Net interest charges fell by £75m to £94m, with average net debt decreasing by £748m following the receipt of proceeds from the RTL disposal. Interest was further reduced by the effect of a general fall in interest rates during the year. The weighted average three month LIBOR rate, reflecting the Group's borrowings in US dollars, euros, and sterling, fell by 160 basis points, or 1.6%. The effect of these falls was mitigated by our existing portfolio of interest rate swaps, which converted over half our variable rate commercial paper and bank debt to a fixed rate basis. As a result, the Group's net interest rate payable averaged approximately 5.0%, falling 1.4% from the previous year. During 2002 we took an additional one off charge of £37m for cancellation of certain swap contracts and the early repayment of debt following re-balancing of the group's debt portfolio on the receipt of the RTL proceeds.

Taxation
The Group recorded a total pre-tax loss of £25m in 2002 but there was a tax charge for the year of £64m. This situation reflects the fact that there is only limited tax relief available for the goodwill amortisation charged in the accounts. The total tax charge was in fact reduced by a non-operating credit of £45m attributable to the resolution of the tax position on the disposal of the group's remaining interest in BSkyB.

The tax charge reflects the adoption of FRS 19 ?Deferred Tax?. FRS 19 requires full provisioning for deferred tax and this has had a significant effect on Pearson's effective tax rate. This is mainly because Pearson has recognised a deferred tax asset in respect of US tax losses and other timing differences. Previously the tax benefit of US tax losses was accounted for as the losses were utilised. FRS 19 has been adopted in these accounts and the comparative figures have been restated.

The tax rate on adjusted earnings, after restating for FRS 19, decreased from 34.0% to 32.8%. The decrease was attributable to two main factors. There was a more favourable mix of profits between higher and lower tax regimes than in 2001; in addition there was a benefit from prior year adjustments.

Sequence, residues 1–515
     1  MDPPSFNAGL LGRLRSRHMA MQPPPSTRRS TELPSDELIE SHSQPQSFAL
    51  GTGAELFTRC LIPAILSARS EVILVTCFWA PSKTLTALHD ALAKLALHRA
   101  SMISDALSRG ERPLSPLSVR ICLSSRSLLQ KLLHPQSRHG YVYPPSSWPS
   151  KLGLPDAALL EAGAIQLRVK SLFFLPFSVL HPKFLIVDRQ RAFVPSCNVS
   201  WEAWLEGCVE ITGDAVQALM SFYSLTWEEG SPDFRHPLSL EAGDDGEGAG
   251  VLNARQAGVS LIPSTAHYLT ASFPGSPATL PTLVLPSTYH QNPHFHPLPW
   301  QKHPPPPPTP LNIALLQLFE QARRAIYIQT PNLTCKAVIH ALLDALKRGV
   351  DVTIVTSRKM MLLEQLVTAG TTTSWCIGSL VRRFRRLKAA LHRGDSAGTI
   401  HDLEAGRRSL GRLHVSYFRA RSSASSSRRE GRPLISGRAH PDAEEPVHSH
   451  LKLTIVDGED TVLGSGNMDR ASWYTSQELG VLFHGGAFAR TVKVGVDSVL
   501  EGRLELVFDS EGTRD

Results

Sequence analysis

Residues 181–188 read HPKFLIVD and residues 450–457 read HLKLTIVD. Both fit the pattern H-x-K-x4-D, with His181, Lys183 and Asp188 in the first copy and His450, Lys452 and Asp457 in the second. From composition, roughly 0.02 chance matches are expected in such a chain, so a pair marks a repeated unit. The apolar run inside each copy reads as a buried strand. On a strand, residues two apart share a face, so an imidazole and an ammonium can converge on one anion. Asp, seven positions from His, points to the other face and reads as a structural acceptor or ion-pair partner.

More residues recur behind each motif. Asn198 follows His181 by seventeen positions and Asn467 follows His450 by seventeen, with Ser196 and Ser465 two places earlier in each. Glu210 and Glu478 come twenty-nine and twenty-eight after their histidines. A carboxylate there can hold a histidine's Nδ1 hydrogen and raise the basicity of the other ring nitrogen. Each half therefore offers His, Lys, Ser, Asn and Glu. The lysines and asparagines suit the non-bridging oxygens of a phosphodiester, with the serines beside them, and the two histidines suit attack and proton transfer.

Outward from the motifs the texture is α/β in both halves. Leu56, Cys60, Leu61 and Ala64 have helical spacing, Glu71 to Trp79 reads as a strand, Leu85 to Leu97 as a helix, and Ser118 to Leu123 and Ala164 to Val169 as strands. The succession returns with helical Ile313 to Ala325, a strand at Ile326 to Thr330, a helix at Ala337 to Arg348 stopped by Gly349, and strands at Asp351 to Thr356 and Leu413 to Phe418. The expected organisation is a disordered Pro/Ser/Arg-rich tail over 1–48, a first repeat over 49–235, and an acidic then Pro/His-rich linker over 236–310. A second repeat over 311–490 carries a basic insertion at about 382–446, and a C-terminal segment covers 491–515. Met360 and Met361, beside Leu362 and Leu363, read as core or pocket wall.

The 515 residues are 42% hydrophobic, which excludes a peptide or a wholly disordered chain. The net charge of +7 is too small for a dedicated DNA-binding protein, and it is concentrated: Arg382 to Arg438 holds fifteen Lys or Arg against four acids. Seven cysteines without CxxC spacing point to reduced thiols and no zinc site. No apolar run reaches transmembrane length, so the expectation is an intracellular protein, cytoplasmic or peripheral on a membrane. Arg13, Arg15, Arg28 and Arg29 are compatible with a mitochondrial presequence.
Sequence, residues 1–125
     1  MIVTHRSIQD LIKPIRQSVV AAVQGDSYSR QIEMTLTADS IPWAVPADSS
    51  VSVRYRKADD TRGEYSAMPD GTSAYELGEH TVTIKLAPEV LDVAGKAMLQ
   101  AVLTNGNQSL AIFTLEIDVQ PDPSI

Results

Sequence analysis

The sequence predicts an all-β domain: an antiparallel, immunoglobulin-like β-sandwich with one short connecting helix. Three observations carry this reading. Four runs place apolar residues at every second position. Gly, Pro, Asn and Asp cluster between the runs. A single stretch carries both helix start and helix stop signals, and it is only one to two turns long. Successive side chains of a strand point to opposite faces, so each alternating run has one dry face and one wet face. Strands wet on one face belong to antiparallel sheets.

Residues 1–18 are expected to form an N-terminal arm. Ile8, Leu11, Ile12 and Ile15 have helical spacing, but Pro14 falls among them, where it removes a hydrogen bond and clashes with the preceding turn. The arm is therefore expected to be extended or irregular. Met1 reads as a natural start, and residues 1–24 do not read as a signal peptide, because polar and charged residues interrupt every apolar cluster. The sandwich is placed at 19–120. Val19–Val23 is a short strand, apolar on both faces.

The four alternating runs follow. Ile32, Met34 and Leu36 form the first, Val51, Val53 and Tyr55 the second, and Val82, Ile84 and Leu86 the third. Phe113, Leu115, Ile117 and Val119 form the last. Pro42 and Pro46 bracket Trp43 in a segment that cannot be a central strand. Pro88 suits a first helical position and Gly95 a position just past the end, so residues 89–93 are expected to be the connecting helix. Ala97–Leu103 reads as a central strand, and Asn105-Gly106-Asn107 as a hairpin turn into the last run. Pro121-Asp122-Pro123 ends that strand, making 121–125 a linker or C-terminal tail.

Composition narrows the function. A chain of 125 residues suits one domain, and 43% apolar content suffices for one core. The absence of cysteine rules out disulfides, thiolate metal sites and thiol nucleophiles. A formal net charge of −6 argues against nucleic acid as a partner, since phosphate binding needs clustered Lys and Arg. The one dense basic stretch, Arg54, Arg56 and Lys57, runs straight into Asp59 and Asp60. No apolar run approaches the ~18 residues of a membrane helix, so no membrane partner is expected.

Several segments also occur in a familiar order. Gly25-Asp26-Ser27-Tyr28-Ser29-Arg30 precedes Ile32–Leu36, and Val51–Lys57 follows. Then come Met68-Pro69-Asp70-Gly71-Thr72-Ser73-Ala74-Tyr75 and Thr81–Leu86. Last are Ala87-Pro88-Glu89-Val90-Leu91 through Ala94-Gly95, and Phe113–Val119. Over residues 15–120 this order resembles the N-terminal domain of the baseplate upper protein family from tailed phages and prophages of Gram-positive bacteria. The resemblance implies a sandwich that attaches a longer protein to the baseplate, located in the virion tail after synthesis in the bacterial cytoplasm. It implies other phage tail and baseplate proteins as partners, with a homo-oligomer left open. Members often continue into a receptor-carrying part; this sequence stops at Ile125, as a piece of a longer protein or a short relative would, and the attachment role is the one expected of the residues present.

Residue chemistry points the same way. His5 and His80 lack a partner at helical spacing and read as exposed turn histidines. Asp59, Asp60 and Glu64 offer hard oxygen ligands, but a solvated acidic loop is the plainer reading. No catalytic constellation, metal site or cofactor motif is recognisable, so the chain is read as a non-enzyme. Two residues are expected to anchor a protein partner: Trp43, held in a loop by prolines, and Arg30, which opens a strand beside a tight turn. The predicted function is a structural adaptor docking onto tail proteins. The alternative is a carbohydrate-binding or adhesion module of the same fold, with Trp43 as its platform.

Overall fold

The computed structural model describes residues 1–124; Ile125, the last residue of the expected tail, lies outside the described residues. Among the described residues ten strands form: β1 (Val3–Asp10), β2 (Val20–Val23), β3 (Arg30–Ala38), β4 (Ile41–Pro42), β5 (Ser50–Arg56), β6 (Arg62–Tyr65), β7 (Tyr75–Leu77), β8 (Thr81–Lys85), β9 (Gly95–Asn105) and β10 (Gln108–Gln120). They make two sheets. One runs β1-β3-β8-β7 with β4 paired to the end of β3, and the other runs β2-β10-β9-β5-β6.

Minority interests
Minority interests include a 40% minority share in IDC and a 21% minority share in Recoletos.

Dividends
The dividend payment of £187m which we are recommending in respect of 2002 represents 23.4p per share - a 5% increase on 2001. The dividend is covered 1.3 times by adjusted earnings, and 1.6 times by operating free cash flow. The company seeks to maintain a balance between the requirements of our shareholders, including our many private shareholders, for a rising stream of dividend income and the re-investment opportunities that we see across the Group. This balance has been expressed in recent years as a commitment to increase our annual dividend faster than the prevailing rate of inflation while progressively reinvesting a higher proportion of our distributable earnings in our business. While this commitment remains unchanged, we believe that the income requirements of our shareholders should take priority over reinvestment this year.

Pensions
Pearson operates a variety of pension schemes. Of the schemes, the UK fund is the most significant. In 2001, after a full actuarial valuation, the company resumed cash contributions to its UK Pension Fund (a £1bn fund) following a prolonged ?holiday' period. At that time, this resulted in the scheme having a small surplus of £40m. Although the next full actuarial valuation is not due until 2004, the funding level is kept under regular review by the company and the Fund trustees. After an informal indication in 2002, and taking account of current stock market conditions, the company decided to increase contributions by £5m to £25m in 2003 ahead of the full valuation in 2004. This was designed to keep the scheme fully funded.

We have included additional disclosure in respect of FRS 17 (Retirement Benefits) for pensions and other post retirement benefits in accordance with that standard. The mandatory implementation of FRS 17 has been postponed and is now not required to be implemented before adoption of International Accounting Standards in 2005. FRS 17 approaches pension cost accounting from a balance sheet perspective with the net surplus or deficit in Pearson's pension schemes being incorporated into the balance sheet. Changes in this surplus or deficit will flow through the profit and loss account and the statement of total recognised gains and losses.

Except for the historical information contained herein, the matters discussed in this press release include forward-looking statements that involve risk and uncertainties that could cause actual results to differ materially from those predicted by such forward-looking statements. These risks and uncertainties include international, national and local conditions, as well as competition. They also include other risks detailed from time to time in the company's publicly-filed documents, including the company's Annual Report on form 20-F. The company undertakes no obligation to publicly update any forward looking statement, whether as a result of new information, future events or otherwise.